N.C. Court of Appeals: In re Vogler- Rule 60(b) does not redress errors of law

Summary:

Dorothy Vogler died testate, with her debts exceeding the value of her real and personal property. Chris Vogler, the executor of her estate, initiated a special proceeding for the purpose of obtaining authorization to sell the real estate that Ms. Vogler had owned at the time of her death and to use the proceeds to pay her debts. Such sale was authorized and subsequently confirmed on January 12, 2011, with the Clerk authorizing payment of the costs of the proceeding and the remaining balance on the mortgage owed to Bank of America (“BOA”) on the real property. On January 18, 2011, however, BOA commenced its own foreclosure against the property. Chris Vogler then sought and obtained and order enjoining the foreclosure to allow Ms. Vogler’s estate to use the proceeds derived from the sale of the real property to satisfy the cost of administering her estate. BOA did not appeal the order enjoining the foreclosure, instead bring a motion pursuant to Rule 60(b) to set aside the order. The trial court denied this motion and BOA appealed.

First the Court of Appeals noted that while N.C.G.S. § 45-21.34 authorizes appeal of an order enjoining foreclosure, BOA did not appeal such order. Instead, it merely appealed the Order denying its Motion to Set Aside. As such, only that Motion was subject to appeal, not the original order enjoining the foreclosure. The standard of review for denial of a Rule 60(b) motion is abuse of discretion. BOA argued that it had established clear and controlling law regarding the superiority of its perfected lien on the property over the debts of the estate. The Court of Appeals rejected this, finding that “the well-established rule that a motion lodged pursuant to … Rule 60 is not the proper procedural vehicle with which to obtain redress for errors of law.”

For a copy of the opinion, please see:

Vogler- Rule 60(b) does not redress errors of law.pdf

About

1. Bachelor of Arts degree in English Literature from Washington University, 1993.

2. Juris Doctor degree from George Washington University, 1996.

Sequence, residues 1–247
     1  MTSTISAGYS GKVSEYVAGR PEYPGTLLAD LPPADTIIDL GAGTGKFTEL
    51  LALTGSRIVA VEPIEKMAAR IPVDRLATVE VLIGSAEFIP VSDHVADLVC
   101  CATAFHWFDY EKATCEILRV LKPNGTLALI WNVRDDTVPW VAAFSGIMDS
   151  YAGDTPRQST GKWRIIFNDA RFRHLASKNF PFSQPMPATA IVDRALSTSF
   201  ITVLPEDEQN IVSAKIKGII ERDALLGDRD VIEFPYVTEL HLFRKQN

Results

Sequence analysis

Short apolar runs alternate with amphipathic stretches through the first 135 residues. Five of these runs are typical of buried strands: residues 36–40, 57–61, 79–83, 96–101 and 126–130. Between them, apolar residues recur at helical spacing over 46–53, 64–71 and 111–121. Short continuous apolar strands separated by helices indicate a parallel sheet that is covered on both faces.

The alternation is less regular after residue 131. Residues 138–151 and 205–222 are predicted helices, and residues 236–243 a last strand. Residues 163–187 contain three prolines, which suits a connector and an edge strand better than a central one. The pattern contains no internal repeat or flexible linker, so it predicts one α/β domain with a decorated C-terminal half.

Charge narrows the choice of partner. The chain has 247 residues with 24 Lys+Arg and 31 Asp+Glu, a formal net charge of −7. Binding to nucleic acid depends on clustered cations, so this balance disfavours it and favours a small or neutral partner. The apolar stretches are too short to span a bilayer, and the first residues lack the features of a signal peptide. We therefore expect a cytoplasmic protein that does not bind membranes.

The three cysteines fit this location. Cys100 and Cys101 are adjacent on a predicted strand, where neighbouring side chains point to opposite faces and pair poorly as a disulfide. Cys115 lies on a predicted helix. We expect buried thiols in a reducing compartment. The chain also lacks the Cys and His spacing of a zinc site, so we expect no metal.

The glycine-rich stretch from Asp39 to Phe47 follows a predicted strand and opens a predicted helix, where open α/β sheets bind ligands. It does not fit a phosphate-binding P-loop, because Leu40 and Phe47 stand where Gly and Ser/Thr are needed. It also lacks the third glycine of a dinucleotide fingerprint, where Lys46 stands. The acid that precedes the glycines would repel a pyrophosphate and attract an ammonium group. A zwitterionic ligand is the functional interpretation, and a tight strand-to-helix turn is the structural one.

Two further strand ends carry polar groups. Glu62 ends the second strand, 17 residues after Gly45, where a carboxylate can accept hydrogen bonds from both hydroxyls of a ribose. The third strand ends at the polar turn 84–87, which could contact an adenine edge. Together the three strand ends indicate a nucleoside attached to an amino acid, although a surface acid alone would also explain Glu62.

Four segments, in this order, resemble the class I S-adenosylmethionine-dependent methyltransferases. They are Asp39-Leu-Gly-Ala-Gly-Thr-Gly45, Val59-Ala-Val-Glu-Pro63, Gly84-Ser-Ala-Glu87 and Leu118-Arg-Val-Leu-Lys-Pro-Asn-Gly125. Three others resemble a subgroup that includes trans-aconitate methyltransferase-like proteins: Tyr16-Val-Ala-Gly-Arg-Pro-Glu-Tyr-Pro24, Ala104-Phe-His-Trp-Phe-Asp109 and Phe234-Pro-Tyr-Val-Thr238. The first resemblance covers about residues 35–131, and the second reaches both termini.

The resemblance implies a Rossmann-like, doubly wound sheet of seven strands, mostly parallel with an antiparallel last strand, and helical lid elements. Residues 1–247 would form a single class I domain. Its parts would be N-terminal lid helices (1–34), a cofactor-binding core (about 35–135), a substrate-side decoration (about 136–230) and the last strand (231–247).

Admissions to Practice of Law:

North Carolina Bar, 1996.
Federal District Courts for the Eastern and Middle Districts of North Carolina.

Specialty Certification:

North Carolina State Bar: Certified as a Specialist in Consumer Bankruptcy.

Areas of Practice:

Practice limited to consumer and business debtor bankruptcy law, 1998 to present.

Memberships:

National Association of Consumer Bankruptcy Attorneys (NACBA).
North Carolina Academy of Trial Lawyers (NCATL).
North Carolina Bar Association, Bankruptcy Section.

Lectures prepared and presented:

North Carolina Academy of Trial Lawyers seminar on bankruptcy; Topic: Counseling the Consumer Debtor Prior to Court – C.Y.A. Forms to Help ‘Gird They Loins’; 2001.
Middle District Bankruptcy Seminar; Topic: Preparing Chapter 13 Plans; 2002.
NACBA National Convention; Topic: Efficient Office Practices; 2003.
NACBA National Convention; Topic: Chapter 7 vs. Chapter 13 Debates; 2004.
Middle District Bankruptcy Seminar; Topic: Chapter 7 & 13 Hot Issues; 2004.

Positions held:

NACBA National Convention; Convention Chair; 2008.
NACBA National Convention; Panel Moderator: Topic: Basic Bankruptcy Issues; 2008.
NACBA National Convention; Panel Moderator; Topic: Chapter 13-Disposable Income and Other Issues; 2007.
NACBA National Convention; Panel Moderator; Topic: Representing Members of the Military and Their Families; 2007.
NACBA, Member of National Board of Directors, 2006 to present.
NCATL, Chair of the Bankruptcy Section, 2003 to 2007.
NACBA, Chair of the North Carolina Section, 2003 to 2007.
NC Bar Association, Bankruptcy Section, Bankruptcy Council Member, 2004 to present.

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